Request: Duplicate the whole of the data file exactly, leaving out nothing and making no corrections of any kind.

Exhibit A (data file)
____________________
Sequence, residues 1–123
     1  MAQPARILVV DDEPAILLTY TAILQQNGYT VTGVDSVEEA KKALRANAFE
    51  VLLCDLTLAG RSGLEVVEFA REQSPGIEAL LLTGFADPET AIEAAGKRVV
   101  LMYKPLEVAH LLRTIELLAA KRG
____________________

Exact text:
Sequence, residues 1–123
     1  MAQPARILVV DDEPAILLTY TAILQQNGYT VTGVDSVEEA KKALRANAFE
    51  VLLCDLTLAG RSGLEVVEFA REQSPGIEAL LLTGFADPET AIEAAGKRVV
   101  LMYKPLEVAH LLRTIELLAA KRG